Training Magazine’s TechLearn conference took place several weeks ago in Austin, TX. Different from a typical training and technology conference, this one was smaller (with participants in the hundreds, not thousands) and offered some different structure (including a “test kitchen”).
Recently I had a chance to speak with Kristin Torrence, Head of Learning Engineering at Talespin, and Betty Dannewitz, chief question answerer from ifyouaskbetty, about the lessons they’re taking away from TechLearn.
If you’re planning to head to a conference before the end of the year, you might be interested to hear more about how they prepare for a conference, and how they plan to get the most of our their conference experiences.
When developing elearning as part of a team or even as a team of one, it is critical to think about how you’re going to test it. At Endurance Learning, we have evolved our processes over many years.
When we started building elearning as Endurance Learning we were a small, nimble team where everyone did every role. There was no real structure to quality assurance (QA) and everyone took their turn at testing elearning. We often tested live with one person taking the course while the other watched on a Zoom call. Over time, we have evolved and created some more effective processes.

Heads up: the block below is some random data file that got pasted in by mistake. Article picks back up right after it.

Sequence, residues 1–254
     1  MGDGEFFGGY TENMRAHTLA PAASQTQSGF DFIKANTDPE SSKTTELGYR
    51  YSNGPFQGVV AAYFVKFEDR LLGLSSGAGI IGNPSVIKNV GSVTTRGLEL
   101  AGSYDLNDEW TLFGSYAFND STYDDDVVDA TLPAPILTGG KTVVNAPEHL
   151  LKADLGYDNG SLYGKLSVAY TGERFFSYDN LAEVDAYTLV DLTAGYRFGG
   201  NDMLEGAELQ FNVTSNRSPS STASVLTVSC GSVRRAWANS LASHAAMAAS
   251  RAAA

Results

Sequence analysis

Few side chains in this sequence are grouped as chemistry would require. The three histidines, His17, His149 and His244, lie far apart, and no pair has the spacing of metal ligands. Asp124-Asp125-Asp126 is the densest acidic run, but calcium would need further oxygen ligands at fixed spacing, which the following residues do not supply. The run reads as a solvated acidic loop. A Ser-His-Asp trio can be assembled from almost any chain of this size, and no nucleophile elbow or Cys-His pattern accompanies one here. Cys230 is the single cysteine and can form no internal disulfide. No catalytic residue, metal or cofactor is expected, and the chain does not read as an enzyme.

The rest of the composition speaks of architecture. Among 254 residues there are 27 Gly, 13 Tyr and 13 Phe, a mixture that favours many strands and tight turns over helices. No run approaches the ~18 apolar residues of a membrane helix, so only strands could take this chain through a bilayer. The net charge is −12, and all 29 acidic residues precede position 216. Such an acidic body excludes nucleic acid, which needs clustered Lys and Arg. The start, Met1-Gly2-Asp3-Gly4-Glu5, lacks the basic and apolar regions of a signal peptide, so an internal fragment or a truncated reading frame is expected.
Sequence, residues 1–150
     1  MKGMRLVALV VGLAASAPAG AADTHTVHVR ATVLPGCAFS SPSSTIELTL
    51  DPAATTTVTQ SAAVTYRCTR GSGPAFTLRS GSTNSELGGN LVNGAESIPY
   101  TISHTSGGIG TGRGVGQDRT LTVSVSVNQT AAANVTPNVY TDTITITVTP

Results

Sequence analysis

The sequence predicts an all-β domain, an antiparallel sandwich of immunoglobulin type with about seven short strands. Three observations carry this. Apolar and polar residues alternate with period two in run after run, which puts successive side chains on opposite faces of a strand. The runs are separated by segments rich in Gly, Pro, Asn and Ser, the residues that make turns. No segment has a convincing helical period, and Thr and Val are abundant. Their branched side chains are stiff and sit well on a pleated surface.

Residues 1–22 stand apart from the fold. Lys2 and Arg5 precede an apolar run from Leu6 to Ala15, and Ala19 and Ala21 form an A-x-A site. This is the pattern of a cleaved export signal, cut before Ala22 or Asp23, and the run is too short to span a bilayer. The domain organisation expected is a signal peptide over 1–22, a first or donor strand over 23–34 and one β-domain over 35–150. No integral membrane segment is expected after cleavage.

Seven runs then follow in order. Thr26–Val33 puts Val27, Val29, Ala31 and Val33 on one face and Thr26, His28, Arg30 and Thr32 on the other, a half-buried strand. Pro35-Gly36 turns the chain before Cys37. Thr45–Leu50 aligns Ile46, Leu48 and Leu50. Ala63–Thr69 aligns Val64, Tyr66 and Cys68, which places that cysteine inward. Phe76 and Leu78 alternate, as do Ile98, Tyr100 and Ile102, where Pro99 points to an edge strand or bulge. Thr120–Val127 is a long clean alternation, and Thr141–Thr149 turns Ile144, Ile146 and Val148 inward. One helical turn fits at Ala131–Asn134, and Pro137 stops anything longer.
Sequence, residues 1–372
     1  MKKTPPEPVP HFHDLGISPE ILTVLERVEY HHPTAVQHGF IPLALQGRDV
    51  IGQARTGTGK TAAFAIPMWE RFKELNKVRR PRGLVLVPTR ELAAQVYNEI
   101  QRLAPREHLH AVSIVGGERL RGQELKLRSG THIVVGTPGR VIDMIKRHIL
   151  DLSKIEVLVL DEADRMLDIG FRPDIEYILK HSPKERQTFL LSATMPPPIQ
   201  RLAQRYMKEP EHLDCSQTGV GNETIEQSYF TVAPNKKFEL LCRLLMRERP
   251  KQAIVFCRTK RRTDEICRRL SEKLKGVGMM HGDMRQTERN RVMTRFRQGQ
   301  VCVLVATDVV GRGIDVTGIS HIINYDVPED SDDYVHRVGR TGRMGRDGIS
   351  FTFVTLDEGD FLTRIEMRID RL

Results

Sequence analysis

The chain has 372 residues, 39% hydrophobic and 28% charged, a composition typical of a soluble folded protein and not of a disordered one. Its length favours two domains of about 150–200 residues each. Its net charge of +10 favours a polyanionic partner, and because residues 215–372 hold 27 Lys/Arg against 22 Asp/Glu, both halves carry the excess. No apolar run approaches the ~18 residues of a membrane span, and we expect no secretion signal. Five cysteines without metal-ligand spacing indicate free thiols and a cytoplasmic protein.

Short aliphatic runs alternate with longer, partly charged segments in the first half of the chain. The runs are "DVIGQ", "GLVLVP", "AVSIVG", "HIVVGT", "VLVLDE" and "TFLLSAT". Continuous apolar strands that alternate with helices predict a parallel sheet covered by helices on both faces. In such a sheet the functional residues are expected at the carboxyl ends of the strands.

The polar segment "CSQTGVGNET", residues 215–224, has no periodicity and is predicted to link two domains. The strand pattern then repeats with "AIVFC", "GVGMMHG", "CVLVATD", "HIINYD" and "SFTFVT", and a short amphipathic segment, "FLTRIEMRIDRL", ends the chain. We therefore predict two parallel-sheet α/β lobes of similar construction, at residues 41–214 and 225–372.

Last week I discussed the challenge of developing an interaction in Storyline inspired by Wordle for one of our clients and the issues that we came up related to the learner experience, making the activity reusable, and with accessibility. I promised that I would share my work if people were interested. We were delighted to hear from so many people that I decided to write up the details of how I created the interaction. While we were able to build an engaging interaction based on the game Wordle, we ran into some challenges that required some compromise.
If you didn’t get a chance in the first article, you can try the Wordle built in Storyline. Read on to learn more about how we set this up in Storyline. At the end of the article is a link to download the Storyline file.
Two of my colleagues, Hannah Radant and Lindsay Garcia, have made the transition from k-12 classroom teacher to elearning developer with striking success. They recently spent some time talking with me about what they found transferable from their teaching roles to their current roles, and how they’ve been able to overcome challenges, including the lack of confidence in their ability to do this work.
Wordle has captured the minds of many, with a simple, yet challenging concept. Guess a word through trial and error, hints along the way, and a little bit of luck. When our team was brainstorming ways to prepare learners to engage in a new topic, we decided to use a Wordle-type puzzle as an anchor activity with a little bit of a twist. Paired with a hint about the word, the learner is challenged to think about the upcoming content while also being presented with an intriguing problem.